Second, after a trip on the back roads and multiple pulls up to 5500 rpm the plugs look good.  Cream colored all the way up to the top which is definitely on its way to being a nice golden brown color. However, both mixture screws are only turned out 3/4 of a turn each.  I know on the 32/36 this would indicate the main jet is too large, is this also the case with the 38?

 

Lastly, does anyone have any suggestions on a better throttle linkage set up?  The stock stuff has fallen off during spirited driving in the past, and during my drive today it momentarily got pegged at full throttle. I may just need to in vest in a new set of pivot rods

 

Edited by TheBirdistheWord

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i had surging on my car it turned out to be the rocking of the motor would twist the throttle linkage a little and the car would surge 

switched to throttle cable and everything is much smoother now 

i recommend a cable throttle not linkage 

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10 hours ago, Ranman72 said:

i had surging on my car it turned out to be the rocking of the motor would twist the throttle linkage a little and the car would surge 

switched to throttle cable and everything is much smoother now 

i recommend a cable throttle not linkage 

Can you elaborate on the setup? Any chance you might be able to post photos?

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i haven't set up a new photo host  since photoshit took everyone's photos hostage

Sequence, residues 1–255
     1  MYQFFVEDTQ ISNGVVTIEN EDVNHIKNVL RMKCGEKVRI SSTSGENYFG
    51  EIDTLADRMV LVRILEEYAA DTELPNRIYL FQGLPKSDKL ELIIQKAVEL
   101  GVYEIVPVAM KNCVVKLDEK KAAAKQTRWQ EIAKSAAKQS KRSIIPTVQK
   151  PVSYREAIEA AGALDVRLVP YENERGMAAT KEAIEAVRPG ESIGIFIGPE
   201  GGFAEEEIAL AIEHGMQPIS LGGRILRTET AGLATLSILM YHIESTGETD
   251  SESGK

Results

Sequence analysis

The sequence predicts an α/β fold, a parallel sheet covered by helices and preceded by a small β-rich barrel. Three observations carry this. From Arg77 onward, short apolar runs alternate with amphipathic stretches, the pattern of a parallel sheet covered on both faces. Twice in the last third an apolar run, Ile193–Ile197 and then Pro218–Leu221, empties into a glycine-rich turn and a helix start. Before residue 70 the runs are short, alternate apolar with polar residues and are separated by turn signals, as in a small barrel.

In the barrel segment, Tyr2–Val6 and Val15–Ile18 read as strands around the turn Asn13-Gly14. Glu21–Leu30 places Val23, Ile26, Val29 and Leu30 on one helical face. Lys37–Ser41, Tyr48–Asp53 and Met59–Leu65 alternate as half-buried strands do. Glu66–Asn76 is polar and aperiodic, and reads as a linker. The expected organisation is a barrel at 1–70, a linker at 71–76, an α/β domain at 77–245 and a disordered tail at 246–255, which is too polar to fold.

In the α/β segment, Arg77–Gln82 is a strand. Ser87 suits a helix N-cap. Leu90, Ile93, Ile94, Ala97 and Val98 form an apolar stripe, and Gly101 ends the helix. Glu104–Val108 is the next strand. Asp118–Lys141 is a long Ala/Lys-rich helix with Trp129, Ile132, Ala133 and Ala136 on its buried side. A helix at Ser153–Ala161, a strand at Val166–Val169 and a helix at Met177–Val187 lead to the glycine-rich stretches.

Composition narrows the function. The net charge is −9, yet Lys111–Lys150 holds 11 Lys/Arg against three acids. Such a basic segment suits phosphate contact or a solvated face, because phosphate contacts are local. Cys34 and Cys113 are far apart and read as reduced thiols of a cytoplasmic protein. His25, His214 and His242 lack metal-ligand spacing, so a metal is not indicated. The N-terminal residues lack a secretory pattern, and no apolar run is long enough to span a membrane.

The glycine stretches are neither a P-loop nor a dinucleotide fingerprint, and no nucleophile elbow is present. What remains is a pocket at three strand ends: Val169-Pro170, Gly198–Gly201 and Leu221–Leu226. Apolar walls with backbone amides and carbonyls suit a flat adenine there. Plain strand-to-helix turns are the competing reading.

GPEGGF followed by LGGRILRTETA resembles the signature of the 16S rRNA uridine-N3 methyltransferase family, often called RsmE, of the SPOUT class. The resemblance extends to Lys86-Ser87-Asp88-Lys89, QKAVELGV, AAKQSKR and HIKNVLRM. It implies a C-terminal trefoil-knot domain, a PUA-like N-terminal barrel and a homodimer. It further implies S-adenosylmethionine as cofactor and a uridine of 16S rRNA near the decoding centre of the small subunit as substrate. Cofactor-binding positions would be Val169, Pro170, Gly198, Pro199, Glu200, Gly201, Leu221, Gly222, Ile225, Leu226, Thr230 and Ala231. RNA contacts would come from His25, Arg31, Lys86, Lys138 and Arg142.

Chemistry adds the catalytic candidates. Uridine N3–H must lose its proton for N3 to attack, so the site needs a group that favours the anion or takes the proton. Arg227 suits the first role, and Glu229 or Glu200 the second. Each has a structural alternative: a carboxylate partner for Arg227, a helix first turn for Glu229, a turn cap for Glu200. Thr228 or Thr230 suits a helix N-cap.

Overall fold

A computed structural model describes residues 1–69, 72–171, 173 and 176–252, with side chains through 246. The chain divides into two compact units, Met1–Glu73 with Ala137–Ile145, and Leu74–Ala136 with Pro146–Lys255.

it is a standard cable throttle set up 

I recommend lokar cables 

you have to modify the pedal assembly and make some brackets to hold the cable

 

there is some info in here and a pic of the bracket you would need for the weber 

Datsun 510

 

Image result for datsun 510 throttle cable conversion

Related image

Related imagethis should give you some ideas 

Edited by Ranman72

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On 1/21/2020 at 7:42 PM, TheBirdistheWord said:

 

Lastly, does anyone have any suggestions on a better throttle linkage set up?  The stock stuff has fallen off during spirited driving in the past, and during my drive today it momentarily got pegged at full throttle. I may just need to in vest in a new set of pivot rods

 

This is common. Using spacers and longer 6mm bolts, you can move the pivot off the firewall an inch or so to help keep the linkage rod in place.

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::sigh:: figured out why the carb was sticking.  The accelerator pump linkage was hitting the manifold at full throttle... I adjusted the valves to cold clearances and I suppose I was a bit over zealous in my next drive and bent a valve..... SMH

 

Now I have learned the hard way to Always adjust valves with engine warm....

Edited by TheBirdistheWord